Georgia Tech demonstrates VA Digital Health Platform in proof-of-concept

The project shows APIs can be used to ‘liberate the data’ from military and commercial EHRs, securely move it to the cloud and manage its movement.

The Georgia Institute of Technology has successfully demonstrated a proof-of-concept for the Department of Veterans Affairs’ new Digital Health Platform (DHP), designed to integrate veteran data from VA, military and commercial electronic health records.

The VA’s DHP is a cloud-based platform meant to create a 21st century model for the delivery of veteran healthcare services based on a modern, integrated system that incorporates best-in-class technologies and standards. The goal of the DHP proof-of-concept, managed by Georgia Tech, was to demonstrate both mature and emerging interoperability technologies from both the public and private sectors.

The public-private demonstration, which includes the VA’s Office of Information and Technology and HHS’s Office of the National Coordinator for Health Information Technology, included the capability to obtain patient data from disparate military and commercial EHRs, as well as to accept information from a broad range of ancillary services and consumer medical devices.

Also See: VA lays out plans for cloud-based Digital Health Platform

“Almost five years ago, we created a lab specifically to address the barriers to interoperability,” says Steve Rushing, senior strategic adviser in Georgia Tech’s Health Extension Services, who describes the lab as an “agnostic and safe” collaboration space for health IT vendors and technology developers.

According to Rushing, the principal design goal for the public-private DHP collaboration was to “liberate the data from deep inside a system and securely move it to the cloud and manage its movement through well-designed application programming interfaces (APIs),” thereby integrating data from military and commercial information systems.

“We are doing for healthcare what has already been done for other industries that have used interoperability standards as the foundation for APIs to exchange information among different systems,” adds Rushing.

As part of the proof of concept, 21 system APIs were created to control how specific types of data flow into and out of the DHP, which included data exchanges with a Cerner EHR (representing the Department of Defense and a community hospital), Epic EHR (Duke University Medical Center) as an academic medical provider, DocSnap personal health record (connecting to a Navy medicine pilot project), as well as personal health monitoring devices via Apple HealthKit and Validic.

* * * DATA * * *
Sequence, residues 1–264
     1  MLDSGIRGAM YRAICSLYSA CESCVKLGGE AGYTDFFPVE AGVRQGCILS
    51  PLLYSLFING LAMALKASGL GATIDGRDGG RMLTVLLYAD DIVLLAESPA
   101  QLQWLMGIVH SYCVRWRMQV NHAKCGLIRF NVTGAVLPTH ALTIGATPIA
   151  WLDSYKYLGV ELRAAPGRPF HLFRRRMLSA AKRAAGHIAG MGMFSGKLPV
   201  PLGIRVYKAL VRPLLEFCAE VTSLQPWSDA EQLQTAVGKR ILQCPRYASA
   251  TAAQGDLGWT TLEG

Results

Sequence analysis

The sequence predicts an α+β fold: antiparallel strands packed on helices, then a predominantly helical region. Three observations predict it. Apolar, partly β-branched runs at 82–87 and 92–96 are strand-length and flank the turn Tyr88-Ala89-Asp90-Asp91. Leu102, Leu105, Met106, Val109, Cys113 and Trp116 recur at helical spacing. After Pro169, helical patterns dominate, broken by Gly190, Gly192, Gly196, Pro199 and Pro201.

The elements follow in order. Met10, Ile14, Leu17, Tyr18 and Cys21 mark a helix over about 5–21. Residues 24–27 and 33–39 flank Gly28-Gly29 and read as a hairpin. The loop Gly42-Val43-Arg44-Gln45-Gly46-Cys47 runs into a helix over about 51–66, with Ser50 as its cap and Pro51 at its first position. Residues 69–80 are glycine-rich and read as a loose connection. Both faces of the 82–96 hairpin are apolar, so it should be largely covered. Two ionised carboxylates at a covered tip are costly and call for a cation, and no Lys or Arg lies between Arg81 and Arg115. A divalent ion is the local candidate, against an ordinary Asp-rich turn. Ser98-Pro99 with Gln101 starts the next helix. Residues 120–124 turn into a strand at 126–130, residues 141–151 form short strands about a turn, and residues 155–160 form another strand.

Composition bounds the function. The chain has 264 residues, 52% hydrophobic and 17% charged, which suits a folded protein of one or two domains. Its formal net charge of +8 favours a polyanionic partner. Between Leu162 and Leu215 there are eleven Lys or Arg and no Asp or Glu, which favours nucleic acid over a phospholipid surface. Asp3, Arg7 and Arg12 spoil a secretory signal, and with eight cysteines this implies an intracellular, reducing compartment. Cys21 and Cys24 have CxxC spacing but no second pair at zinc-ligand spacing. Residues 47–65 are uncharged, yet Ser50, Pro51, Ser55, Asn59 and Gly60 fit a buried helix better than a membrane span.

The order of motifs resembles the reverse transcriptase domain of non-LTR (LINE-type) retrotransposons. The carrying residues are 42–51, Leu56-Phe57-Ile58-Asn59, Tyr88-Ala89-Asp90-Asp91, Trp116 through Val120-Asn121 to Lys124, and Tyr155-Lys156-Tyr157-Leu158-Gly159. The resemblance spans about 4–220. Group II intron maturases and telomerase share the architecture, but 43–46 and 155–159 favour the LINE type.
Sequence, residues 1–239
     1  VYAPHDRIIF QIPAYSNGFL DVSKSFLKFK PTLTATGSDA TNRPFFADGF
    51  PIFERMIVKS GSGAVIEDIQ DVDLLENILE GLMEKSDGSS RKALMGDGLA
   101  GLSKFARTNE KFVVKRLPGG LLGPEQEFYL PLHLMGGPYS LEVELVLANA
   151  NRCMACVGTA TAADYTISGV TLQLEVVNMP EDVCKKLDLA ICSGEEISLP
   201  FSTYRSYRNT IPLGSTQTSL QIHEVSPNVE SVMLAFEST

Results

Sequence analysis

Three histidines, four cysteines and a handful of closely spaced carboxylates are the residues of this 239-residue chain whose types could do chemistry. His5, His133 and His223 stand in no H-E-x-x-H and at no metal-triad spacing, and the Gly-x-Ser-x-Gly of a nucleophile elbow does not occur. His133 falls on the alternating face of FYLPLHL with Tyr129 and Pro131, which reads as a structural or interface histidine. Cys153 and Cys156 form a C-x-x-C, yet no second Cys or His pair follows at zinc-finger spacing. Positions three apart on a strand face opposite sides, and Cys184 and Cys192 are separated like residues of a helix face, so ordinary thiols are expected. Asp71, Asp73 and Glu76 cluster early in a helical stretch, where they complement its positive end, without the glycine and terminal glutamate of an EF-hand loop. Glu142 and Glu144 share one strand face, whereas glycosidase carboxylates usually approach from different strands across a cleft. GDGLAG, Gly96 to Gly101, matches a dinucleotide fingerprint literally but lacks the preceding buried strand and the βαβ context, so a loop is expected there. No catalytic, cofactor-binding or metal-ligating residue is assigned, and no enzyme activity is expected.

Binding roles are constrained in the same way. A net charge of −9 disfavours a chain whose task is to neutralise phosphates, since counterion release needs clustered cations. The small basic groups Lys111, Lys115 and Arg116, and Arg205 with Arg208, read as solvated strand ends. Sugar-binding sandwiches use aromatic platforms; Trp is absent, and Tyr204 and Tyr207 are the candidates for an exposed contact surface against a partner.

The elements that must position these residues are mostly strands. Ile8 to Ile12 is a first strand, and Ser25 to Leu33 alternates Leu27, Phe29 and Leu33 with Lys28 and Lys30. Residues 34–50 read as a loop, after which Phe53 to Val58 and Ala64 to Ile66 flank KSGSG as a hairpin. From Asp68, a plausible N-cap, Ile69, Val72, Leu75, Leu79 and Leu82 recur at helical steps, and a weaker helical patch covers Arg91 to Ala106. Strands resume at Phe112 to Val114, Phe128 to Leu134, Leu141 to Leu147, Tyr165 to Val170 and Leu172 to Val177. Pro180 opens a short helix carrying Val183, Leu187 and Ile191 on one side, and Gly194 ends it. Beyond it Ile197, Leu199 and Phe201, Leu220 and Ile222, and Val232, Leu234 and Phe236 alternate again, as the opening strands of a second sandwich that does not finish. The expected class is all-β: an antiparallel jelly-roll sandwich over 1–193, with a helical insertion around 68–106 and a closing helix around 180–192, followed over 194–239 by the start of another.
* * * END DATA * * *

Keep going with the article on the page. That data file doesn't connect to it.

Among other vendors, the Georgia Tech team included technology partners Salesforce (customer relationship management software) and MuleSoft (API gateway). By leveraging HL7’s emerging Fast Healthcare Interoperability Resources (FHIR) standard, the team built an API gateway around the VA’s legacy EHR system—the Veterans Health Information Systems and Technology Architecture (VistA)—and Georgia Tech’s testing and teaching EHR system called GTonFHIR. The VistA system was accessible via open-source interoperable API gateway connections.

“VistA is 40 years old and was designed for a very specific purpose,” says Rushing, who notes that the DHP proof-of-concept’s scope of work included a critical goal—treating the VA’s legacy system as just another EHR.

Rushing says the intent was for DHP to not only be agnostic regarding commercial EHRs, but agnostic toward VistA as well. “We let VistA do the things that it does very well—being the VA’s core system of record—and with APIs connected it to technologies that do the things that it doesn’t do.”

He observes that DHP’s API-based architecture is not tied to any proprietary systems and that the successful proof-of-concept ensures future developments such as connecting to a robust portfolio of interoperable web services, apps, devices or EHRs that leverage FHIR and other open APIs.

“By using an architecture that is API-driven, we addressed the interoperability requirement, kept what works and added new Veteran Health Administration-created and private industry innovations where needed,” concludes Rushing. “What we set out to do was to give the VA and VHA a way that could extend the life of VistA. While they are making the decision about the future of VistA, they don’t have to lose out on all the breakthroughs that are happening in mobile apps, analytics, wearables, sensors, and monitoring.”

In addition, healthcare analytics vendor Apervita was selected for the proof-of-concept to demonstrate the real-time analytics component of the DHP architecture, which makes recommendations about care, such as enrollment in specialized services for veterans suffering from traumatic brain injury by analyzing the EHRs of service members transitioning from active duty to veteran status.

Also See: Proof-of-concept for VA’s Digital Health Platform leverages analytics

The DHP proof-of-concept was demonstrated for VA and Veteran Health Administration leadership this past September and October. Currently, the Georgia Tech team is completing the documentation in support of the project as part of its deliverables under its contract with the VA.

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